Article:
By this time the system had been down for almost 4 hours since the last time email had flowed - one of the critical systems on the machine and a critical time period in SMTP since many systems will start informing senders that a message can't be delivered after 4 hours sitting in the queue.
I bit the bullet and simply installed a fresh version of FC14 from DVD, did a kernel update, ensured that I could access it remotely via ssh and that it was othewise locked down, and left for home. I left the failed drive and another fresh drive in external drive bays in the cage, to be retrieved later once the system was fully functional again.
I got home just before dinner and, even with the fresh install, had email up and running in less than 1/2 hour. That done, I started looking for ways to get at the "failed" drives as if they were simply non-RAID drives. The partition section that contains the file system is simply offset from the beginning of the drive's partition-table start point - but offset how much?
Here is where a bit of sleuthing finally paid off. I knew it could be done since I'd done it before when fixing another machine, but I'd lost the URL in one of my own workstation's infrequent cleanups. That's one reason for my writing this blog entry - to remind myself of the tools and techniques I use just in case the same thing happens again.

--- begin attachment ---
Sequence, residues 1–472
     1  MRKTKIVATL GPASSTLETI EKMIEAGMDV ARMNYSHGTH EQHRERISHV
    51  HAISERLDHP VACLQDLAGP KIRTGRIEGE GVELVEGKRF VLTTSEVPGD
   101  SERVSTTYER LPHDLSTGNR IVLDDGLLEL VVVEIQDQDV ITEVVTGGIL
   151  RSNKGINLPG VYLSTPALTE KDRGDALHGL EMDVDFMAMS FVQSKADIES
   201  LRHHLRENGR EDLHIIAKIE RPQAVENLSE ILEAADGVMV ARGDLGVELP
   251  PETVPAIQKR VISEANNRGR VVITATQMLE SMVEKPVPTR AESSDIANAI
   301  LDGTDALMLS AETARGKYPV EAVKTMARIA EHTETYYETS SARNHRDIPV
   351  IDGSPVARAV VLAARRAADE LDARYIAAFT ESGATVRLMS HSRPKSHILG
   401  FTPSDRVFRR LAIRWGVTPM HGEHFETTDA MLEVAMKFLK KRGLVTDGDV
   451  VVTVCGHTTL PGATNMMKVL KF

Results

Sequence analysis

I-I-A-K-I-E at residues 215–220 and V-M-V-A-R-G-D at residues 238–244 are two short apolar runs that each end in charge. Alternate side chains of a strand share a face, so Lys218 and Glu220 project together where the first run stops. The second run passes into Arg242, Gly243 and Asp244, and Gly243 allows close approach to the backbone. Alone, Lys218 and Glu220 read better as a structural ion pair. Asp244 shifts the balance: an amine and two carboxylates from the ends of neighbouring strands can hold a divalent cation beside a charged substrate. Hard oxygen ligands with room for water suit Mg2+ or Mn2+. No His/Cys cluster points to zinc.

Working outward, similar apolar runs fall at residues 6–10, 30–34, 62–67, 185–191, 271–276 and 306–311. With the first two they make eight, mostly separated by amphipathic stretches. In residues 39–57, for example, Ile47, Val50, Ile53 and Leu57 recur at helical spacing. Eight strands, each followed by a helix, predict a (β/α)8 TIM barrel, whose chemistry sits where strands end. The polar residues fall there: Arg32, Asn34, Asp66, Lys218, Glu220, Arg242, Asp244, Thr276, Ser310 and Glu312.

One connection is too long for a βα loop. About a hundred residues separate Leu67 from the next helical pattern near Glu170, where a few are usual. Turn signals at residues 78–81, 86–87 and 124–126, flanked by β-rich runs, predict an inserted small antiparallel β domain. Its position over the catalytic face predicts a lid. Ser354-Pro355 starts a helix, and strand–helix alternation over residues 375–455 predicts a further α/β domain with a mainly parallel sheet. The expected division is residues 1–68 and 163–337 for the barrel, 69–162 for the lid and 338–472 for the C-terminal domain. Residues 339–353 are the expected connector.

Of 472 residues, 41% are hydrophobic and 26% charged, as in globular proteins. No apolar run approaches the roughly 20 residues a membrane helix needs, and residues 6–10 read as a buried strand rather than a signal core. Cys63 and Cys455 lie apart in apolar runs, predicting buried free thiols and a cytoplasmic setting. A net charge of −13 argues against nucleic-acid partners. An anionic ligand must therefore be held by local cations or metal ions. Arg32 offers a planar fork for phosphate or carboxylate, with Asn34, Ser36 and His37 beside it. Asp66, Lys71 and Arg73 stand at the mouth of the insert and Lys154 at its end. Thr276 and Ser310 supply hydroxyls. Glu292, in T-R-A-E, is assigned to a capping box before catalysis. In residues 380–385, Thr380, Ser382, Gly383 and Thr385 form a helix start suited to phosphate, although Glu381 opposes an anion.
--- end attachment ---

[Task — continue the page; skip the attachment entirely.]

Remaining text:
Background to the restoration of this system
Over the years since we sold our ISP, I've had as many as 5 systems running various utilities for my own and friends and long-time customers' use. They have all been Linux systems, mostly based on Red Hat and/or one of their development releases.
The facilities include email hosting and redirection, DNS, Web and some minor specialty systems. The basic software is open source and for the most part is only minorly modified, if at all. Only some of the configurations (such as running the email database on an old setup of open LDAP) are in any way "strange" although some of the background utilities are getting a bit long in the tooth and are due for some updating. But for the most part, aside from some massive numbers of files that I'll get into shortly, the systems are pretty plain vanilla. This is why getting email running was actually pretty easy and quick.
Today, instead of several machines (or machine instances running under VMWare, as I've had in recent years) I've put everything onto one fairly new (less than 1 year old) 2U high custom-built (by me) server system with an Intel motherboard and dual Xeon 2.4GHz processors with 48 Gigs of RAM and 4 SATA hard drives, each 2 Terabytes.